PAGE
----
Töres döttrar i Wänge

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The church of Kärna. The ballad relates the tradition of why the church was built.

"Töres döttrar i Wänge" ("Töre's daughters in Vänge") or "Per Tyrssons döttrar i Vänge" ("Per Tyrsson's daughters in Vänge") is a medieval Swedish ballad (SMB 47; TSB B 21) on which Ingmar Bergman's The Virgin Spring is based.[1] The ballad type is found throughout Scandinavia, with variants in Danish (DgF 338), Faroese (CCF 176), Icelandic (IFkv 15), and Norwegian (NMB 49).[2] The Child Ballad "Babylon" is analogous to the Scandinavian songs.[3]


The ballad, which tells the traditional, local legend about why the 12th-century church in Kärna (near Malmslätt in Östergötland, Sweden) was built, was still being sung in the early 19th century, when Erik Gustaf Geijer and Arvid August Afzelius were collecting songs for their three-volume 800-page work Svenska folk-visor från forntiden ("Ancient Swedish folksongs"), published 1814 and 1816.[4][5][6]

The ballad appears in the third volume, in three versions: the one sung by Greta Naterberg for Afzelius' and Geijer's assistants "J. H." and "D. S. Wallman" in 1812,[7] and two older versions found in manuscript in the Swedish Royal Library; the first accompanied by the note "Pehr Jonson in Frisle sung this song in June 1673".[8] The second is very similar, but has a different refrain and links the song to the nearby church of Kaga instead of Kärna.[9]

The gist of the story is clearer in the 1673 version, which is longer than the one recorded in 1812: The three daughters of Pehr Tyrsson (Töre) and his wife Karin are killed by three highwaymen when on their way to church. Three wells spring up where the three maidens are killed. The men later visit the family farm and try to sell the girls' silk shirts. Karin recognises them and realises that the daughters must have been killed by the men, so she tells her husband. He kills two of them, but lets the third live. When he and Karin ask the surviving highwayman who they are and where they come from, he tells them that they were brothers who had been sent away by their parents when very young, to fend for themselves in the world, and that their parents were Töre and Karin in Vänge. Realizing that he has killed his own sons, Töre then vows to build a church to atone for his sins.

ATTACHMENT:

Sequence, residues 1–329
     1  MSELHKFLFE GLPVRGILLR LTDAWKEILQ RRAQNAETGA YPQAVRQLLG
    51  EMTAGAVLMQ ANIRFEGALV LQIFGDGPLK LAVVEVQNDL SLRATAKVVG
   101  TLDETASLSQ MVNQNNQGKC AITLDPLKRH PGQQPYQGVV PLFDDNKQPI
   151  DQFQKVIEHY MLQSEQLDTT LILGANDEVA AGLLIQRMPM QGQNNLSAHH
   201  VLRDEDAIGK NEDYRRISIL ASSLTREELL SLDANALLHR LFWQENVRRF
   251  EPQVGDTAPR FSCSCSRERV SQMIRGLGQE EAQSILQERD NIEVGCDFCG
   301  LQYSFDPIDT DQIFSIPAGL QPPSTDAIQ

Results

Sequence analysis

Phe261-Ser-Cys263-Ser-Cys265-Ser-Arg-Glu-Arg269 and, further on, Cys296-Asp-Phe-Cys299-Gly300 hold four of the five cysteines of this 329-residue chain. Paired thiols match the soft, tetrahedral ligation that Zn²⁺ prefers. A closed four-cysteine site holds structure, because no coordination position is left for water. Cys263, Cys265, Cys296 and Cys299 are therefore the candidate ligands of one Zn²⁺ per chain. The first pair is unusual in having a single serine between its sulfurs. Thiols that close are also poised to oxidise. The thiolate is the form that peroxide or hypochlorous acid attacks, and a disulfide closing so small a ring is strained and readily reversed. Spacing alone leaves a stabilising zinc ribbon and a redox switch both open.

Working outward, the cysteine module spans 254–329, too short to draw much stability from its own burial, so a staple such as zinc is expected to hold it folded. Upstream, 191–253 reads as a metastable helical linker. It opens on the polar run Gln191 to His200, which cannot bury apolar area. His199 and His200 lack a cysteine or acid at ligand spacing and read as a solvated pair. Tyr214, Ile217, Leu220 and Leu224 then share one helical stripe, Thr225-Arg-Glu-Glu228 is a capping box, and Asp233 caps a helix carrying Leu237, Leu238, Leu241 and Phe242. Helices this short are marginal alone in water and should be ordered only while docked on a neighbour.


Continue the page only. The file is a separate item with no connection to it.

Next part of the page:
According to the notes preceding the ballad, the well of Vänge (Vänge brunn), which appeared at the spot where the young maidens lost their heads, still existed in the 17th century, according to a manuscript from 1673, and an old smithy in the forest nearby was held to be haunted at midnight by the apparitions of the young girls.[10]

A note after the song recorded in 1812 states that the singer, Greta Naterberg, had told the recorders that "vallare" (which usually is understood to mean "herdsmen") here means "robbers" or "highwaymen".[8]


Besides Östergötland, the ballad and legend have been localized to several other places in Sweden, as well as in the other Scandinavian countries.[11] According to Francis James Child, the story has been connected with "half a dozen localities in Sweden" and (citing Svend Grundtvig) "at least eight [in] Denmark".[3]


The version of the ballad sung by Greta Naterberg in 1812, as recorded by assistants J. H. and/or D. S. Wallman and printed in Svenska folkvisor från forntiden vol. 3 (1816):[10]

Pehr Tyrssons döttrar i Vänge,
Kaller var deras skog
de sufvo en sömn för länge.
Medan skogen han lövas
Först vaknade den yngsta,
Kaller var...
Så väckte hon upp de andra
Medan skogen...
(the rest is shown without the refrain)
Så satte de sig på sänge-stock.
Så flätade de hvarandras lock.
Så togo de på sina silkesklä'r.
Så gingo de sig åt kyrkan.
Men när som de kommo på Vängelid
Der möta dem tre Vallare.
"Ant'en vill J bli' Wallare-vif,
Eller vill J mista Ert unga lif?"
"Inte villa vi bli' Vallarevif,
Heldre vi miste vårt unga lif."
De höggo deras hufvu'n på björke-stock,